Gallup Poll: Wright Hurt Obama Among Independent Voters And Democrats
Yesterday we ran a post about a CBS/New York Times poll that said Democratic Senator Barack Obama has rebounded after denouncing his former pastor — but a new Gallup poll reaches a different conclusion: it concludes Obama has been wounded among independent voters and Democrats.
It also finds that Clinton’s husband former President Bill Clinton is also a highly divisive factor among many voters.
Meanwhile, Obama’s rival for the Democratic nomination Senator Hillary Clinton has now pulled into the lead among both Democrats and independents:
Barack Obama’s national standing has been significantly damaged by the controversy over his former pastor, a USA TODAY/Gallup Poll finds, raising questions for some voters about the Illinois senator’s values, credibility and electability.
The erosion of support among Democrats and independents raises the stakes in Tuesday’s Indiana and North Carolina primaries, which represent a chance for Obama to reassert his claim to a Democratic nomination that seems nearly in his grasp. A defeat in Indiana and a close finish in North Carolina, where he’s favored, could fuel unease about his ability to win in November. Such results also could help propel Hillary Rodham Clinton’s uphill campaign all the way to the Democratic convention in August.
In the USA TODAY survey, taken Thursday through Saturday, Clinton leads Obama among Democrats and Democratic-leaning independents by 7 percentage points, the first time in three months she has been ahead. Two weeks ago, before the controversy over comments by Jeremiah Wright reignited, Obama led by 10 points.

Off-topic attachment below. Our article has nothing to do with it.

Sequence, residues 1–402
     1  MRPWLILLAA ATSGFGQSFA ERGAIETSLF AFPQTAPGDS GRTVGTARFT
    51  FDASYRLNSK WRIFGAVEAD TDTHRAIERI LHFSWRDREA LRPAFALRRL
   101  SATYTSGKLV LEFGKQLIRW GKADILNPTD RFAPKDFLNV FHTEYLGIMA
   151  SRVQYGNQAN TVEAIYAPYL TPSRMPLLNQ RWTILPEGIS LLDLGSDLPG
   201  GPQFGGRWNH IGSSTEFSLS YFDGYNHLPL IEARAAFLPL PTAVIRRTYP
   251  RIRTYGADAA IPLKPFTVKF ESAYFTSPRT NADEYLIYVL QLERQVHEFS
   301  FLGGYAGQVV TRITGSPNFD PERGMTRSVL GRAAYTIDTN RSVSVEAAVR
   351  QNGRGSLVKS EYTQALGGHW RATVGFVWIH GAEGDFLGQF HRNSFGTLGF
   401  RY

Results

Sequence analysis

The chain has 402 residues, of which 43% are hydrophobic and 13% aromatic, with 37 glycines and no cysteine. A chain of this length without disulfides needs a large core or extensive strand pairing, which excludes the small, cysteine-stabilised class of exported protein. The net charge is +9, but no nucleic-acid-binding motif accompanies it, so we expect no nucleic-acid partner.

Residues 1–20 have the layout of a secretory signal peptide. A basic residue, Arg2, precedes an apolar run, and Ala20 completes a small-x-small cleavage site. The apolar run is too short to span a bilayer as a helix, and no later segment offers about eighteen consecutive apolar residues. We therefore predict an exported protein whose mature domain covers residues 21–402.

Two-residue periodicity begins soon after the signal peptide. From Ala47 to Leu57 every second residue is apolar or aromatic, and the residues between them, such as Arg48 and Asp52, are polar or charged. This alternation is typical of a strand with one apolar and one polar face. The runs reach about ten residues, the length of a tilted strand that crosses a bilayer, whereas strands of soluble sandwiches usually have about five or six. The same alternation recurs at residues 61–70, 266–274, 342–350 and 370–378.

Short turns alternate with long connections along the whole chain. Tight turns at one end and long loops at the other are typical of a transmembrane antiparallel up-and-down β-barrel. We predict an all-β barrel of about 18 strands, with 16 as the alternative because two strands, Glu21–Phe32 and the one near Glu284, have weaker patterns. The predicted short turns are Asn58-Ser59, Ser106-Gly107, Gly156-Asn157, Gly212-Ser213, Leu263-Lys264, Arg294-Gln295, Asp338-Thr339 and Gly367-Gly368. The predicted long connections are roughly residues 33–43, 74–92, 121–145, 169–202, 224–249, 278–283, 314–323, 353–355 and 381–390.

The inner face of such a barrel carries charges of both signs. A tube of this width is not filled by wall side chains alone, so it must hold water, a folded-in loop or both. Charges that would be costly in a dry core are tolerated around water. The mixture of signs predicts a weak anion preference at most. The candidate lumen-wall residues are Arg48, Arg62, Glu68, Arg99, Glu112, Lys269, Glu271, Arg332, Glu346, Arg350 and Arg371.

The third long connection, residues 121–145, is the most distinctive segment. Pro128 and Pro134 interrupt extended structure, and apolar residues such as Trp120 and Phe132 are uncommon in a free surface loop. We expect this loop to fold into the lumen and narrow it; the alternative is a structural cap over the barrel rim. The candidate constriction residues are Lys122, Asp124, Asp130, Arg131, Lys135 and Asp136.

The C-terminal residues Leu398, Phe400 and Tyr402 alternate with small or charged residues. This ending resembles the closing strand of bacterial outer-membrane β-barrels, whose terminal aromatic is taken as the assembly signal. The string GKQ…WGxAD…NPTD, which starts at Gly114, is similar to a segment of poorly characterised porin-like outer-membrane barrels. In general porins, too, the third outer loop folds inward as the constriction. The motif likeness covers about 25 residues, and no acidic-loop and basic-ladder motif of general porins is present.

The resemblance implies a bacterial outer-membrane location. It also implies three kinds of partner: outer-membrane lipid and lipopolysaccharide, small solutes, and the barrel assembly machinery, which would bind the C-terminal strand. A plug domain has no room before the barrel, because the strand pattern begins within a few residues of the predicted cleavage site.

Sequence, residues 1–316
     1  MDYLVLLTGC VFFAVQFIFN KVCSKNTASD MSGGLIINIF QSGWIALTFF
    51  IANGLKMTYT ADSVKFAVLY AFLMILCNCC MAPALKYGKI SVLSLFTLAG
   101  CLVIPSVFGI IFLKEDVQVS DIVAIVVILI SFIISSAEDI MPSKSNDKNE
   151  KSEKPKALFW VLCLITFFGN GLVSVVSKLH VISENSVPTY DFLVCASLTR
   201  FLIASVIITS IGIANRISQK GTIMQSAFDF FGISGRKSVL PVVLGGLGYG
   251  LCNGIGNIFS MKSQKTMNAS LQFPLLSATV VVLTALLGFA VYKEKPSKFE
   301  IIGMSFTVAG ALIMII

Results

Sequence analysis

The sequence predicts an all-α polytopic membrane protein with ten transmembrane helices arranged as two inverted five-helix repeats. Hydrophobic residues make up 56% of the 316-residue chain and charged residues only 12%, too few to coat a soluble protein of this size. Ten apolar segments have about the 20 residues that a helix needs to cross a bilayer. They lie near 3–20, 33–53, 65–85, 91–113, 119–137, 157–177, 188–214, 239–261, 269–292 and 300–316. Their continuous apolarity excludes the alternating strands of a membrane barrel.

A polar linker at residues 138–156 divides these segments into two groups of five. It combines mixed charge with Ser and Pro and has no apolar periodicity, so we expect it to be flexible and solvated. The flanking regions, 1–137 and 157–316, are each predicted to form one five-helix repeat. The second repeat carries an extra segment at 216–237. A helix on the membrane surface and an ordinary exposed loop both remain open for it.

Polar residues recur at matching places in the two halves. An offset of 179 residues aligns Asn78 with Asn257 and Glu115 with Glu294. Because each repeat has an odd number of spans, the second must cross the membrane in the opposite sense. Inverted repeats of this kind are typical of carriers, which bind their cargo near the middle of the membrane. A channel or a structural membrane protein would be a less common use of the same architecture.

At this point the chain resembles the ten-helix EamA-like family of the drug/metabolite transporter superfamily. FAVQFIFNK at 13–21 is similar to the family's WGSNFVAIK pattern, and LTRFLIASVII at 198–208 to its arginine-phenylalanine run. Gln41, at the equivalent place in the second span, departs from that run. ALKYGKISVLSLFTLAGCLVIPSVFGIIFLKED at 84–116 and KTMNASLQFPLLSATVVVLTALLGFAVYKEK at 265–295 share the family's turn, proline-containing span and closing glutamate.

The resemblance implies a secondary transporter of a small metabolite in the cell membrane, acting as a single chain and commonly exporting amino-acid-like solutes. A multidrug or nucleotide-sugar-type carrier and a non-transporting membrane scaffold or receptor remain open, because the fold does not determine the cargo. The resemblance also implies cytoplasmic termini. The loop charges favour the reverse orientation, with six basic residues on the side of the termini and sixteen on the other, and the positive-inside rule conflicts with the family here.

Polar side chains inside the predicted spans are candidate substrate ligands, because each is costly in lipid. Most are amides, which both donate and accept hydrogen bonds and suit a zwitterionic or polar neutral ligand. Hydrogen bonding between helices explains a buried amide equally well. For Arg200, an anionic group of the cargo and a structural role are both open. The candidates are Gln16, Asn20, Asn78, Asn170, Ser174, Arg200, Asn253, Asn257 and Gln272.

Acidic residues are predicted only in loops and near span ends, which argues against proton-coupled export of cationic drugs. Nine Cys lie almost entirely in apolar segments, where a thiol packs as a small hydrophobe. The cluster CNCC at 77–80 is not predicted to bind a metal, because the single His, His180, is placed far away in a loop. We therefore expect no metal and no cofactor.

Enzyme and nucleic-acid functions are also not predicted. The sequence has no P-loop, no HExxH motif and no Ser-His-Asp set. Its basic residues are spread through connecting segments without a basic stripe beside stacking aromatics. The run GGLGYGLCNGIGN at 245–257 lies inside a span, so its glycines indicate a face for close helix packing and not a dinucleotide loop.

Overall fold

As we’ve said half-jokingly here, the contradiction in polls means fierce partisans can pick the one they agree with and point to it as accurate, and try and discredit the other as based on faulty methodology. But they better to it quickly: tomorrow’s North Carolina and Indiana primaries will provide a measure on where Obama and Clinton stand.
One-third of likely voters say Obama’s ties to Wright make them less likely to vote for him. But Obama isn’t the only candidate with divisive connections: One-third of likely voters say Clinton’s association with Bill Clinton, her husband and the former president, makes them less likely to support her.
Meanwhile, 38% say McCain’s link to President Bush makes them less likely to vote for him.
However, there’s also an upside to the question for Clinton and McCain. Hillary Clinton’s ties to her husband make 18% of Americans more likely to support her, and McCain’s ties to Bush make 7% more likely to vote for the Arizona senator. Just 1% of likely voters say Obama’s links to Wright make them more likely to support him.
The survey makes it clear the Wright controversy has grabbed public attention. Eight of 10 Americans have been following it, most of them closely.
“Anytime you have a situation where it changes the focus of the race from instead of talking about the economy it gets to talking about something else — it does change the dynamic,” says Nathan Smith, an uncommitted superdelegate from Kentucky.
If Tuesday’s results wind up much as the often contradictory polls show — with Obama winning North Carolina and Clinton winning Indiana — the issue will then become how Obama will deal with the Wright issue if he gets the nomination, because the GOP most assuredly will use it (and the weath of inflammatory Wright video) against him.
Unless the Obama camp has a game plan, it could mean he will be less marketable to independent and some Democratic voters and will not be as appealing to GOPers as he seemed to be earlier in the year before Wright surfaced as an issue. And if he gets the nomination he’ll be running against the one Republican who is popular among some independent voters and Democrats.